So we went. Oddly for a Saturday night, we were the only ones there. That was just fine with Hudson. He ran from table to table. He played with all of the utensils. He squished the bread. He smeared his hands all over the windows, glass doors, and bakery case. He rearranged the booster seats, sliding them all over the floor. He climbed up the high chair, pulled down the Melissa & Doug Latches board and threw that around. And that was all before the food came. They were out of the Woodchuck Amber , which totally bummed me out, and by the time we were finished eating we were all exhausted.

By 8:30, Hudson and Logan were both in bed and I was on the couch reading the copy of Kids VT magazine I picked up on our way out of the bakery. Right smack in the middle of it, clearly written to taunt me, was an article about finding the perfect babysitter. Sigh.

My problem is two-fold: I don't like the idea of asking friends for help (they have their own lives, their own kids, there own issues to deal with without having to take on my mine) and the idea of leaving Hudson with someone we don't know doesn't sit well with me. So what's a girl to do?

I have faith that someday we'll figure it out. I just hope it'll be sooner rather than later because I'm not sure how much longer the Kitchen Table Bistro will honor the gift certificate we got as a wedding gift. 

Two and a half years ago.  

Wednesday, February 1, 2012


Today, Logan and I attended our second annual parent/teacher conference at Hudson's school. We met with the head of the "Chickadee" class in a private office where she told us how well Hudson is doing with the transition back, how his language skills are improving, and how amazingly his fine and gross motors skills are developing. Best of all, she told us how funny Hudson is. A total character. We were glowing parents, so proud of our boy. We almost made it out with my pride still intact. Almost.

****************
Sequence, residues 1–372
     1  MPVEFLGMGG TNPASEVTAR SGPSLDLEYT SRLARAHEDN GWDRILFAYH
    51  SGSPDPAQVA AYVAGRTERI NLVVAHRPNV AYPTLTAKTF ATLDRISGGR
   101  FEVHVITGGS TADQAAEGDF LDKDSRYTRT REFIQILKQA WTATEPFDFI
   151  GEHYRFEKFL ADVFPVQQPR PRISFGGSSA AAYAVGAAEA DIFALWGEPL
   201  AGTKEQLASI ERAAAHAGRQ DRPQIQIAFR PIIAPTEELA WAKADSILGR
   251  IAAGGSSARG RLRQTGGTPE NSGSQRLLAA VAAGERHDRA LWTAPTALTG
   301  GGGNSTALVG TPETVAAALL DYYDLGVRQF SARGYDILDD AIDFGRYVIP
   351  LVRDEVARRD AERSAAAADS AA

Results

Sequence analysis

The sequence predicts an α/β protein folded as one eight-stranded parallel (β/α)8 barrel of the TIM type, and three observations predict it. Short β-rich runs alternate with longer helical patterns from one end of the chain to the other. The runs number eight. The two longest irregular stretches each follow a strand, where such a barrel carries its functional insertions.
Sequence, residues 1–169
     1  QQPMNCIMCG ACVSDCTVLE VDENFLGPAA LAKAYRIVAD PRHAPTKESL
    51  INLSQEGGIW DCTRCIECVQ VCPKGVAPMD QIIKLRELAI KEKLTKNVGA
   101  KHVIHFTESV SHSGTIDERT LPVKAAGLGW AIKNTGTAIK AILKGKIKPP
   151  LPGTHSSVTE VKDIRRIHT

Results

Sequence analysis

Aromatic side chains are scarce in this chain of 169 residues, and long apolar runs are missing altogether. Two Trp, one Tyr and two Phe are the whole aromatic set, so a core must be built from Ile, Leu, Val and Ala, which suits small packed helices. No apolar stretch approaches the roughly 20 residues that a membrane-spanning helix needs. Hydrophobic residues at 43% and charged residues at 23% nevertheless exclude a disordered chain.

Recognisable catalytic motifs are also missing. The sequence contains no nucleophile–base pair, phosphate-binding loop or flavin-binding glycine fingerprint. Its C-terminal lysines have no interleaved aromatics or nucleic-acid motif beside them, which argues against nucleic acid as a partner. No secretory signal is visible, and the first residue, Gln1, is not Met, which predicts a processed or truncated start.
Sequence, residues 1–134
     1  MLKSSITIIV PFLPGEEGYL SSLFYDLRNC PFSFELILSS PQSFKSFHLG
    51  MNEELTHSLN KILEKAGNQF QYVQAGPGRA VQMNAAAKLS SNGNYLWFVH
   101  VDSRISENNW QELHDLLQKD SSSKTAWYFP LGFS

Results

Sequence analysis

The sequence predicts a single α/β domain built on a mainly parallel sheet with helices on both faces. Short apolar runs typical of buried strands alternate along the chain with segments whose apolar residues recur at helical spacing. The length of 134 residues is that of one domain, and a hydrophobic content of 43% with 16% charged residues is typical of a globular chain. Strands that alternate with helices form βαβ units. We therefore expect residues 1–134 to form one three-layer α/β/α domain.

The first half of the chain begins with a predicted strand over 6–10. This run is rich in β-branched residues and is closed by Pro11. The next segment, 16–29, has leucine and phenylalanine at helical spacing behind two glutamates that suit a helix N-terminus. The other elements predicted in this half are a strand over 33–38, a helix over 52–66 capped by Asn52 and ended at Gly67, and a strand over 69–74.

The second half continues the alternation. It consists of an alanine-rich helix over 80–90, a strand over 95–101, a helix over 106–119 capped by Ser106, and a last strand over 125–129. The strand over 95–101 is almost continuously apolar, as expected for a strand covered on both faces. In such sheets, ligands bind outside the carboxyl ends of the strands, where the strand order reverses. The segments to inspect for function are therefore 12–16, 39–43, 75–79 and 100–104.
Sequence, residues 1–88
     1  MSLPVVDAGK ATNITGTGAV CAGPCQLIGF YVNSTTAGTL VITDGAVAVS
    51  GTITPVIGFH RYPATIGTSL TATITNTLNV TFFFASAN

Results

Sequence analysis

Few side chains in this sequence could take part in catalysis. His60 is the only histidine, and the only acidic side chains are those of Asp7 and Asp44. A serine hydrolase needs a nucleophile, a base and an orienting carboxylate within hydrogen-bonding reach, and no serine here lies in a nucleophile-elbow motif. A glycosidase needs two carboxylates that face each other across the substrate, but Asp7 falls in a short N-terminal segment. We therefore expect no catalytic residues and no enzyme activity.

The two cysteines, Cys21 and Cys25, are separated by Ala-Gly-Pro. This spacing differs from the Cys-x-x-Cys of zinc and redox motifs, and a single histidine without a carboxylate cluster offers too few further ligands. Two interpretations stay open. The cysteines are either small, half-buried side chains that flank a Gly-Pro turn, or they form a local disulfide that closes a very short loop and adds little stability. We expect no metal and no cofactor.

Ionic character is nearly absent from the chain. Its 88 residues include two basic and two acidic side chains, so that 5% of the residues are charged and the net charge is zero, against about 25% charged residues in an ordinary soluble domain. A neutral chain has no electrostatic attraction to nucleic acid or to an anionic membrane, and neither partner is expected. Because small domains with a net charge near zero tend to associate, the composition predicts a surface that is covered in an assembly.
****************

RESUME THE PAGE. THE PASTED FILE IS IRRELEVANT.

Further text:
If there's one thing to know about parent/teacher conferences for kids this age, it's that the issues that come up will more often than not be about the parents. Last year, we spent about 5 minutes of the meeting talking about Hudson. The rest of the time, we got scolded for all of the silly, inappropriate, and downright crazy things we'd done at the expense of the other babies. Correction: Logan had done.

Now, here we were, a year older, clearly none the wiser. We were so close! About to pack up and go. Then Logan offered the teacher $5,000 if she could get Hudson to stop whining within one week. She giggled awkwardly and he immediately upped it to $10,000. Next he said, "If terrorists had your daughter and they wouldn't give her back unless you ranked all of the kids in Hudson's class in order of awesomeness, where would he rank?"

The utmost professional, she managed to change the subject back to the kids. Turns out they're planning a pretty cool theme week. Each day, the kids will learn a new color by cooking food and wearing clothes that match the hue of the day. She mentioned that some of the parents expressed interest in helping out by cooking some of the food. And there it was. The perfect way to end on a high note.

On the tip of my tongue: "Yes! Of course! We'll totally help!"  But before I could get it out, Logan felt compelled to say: "Make sure you don't let Jon Olin and Nicci Micco cook anything... I don't know what they do, but every time I eat their food I get RAGING diarrhea." Totally ridiculous. Totally untrue. Somehow, she found it in her heart to tell us how nice it is when parents have a sense of humor.

Well, at least we have that.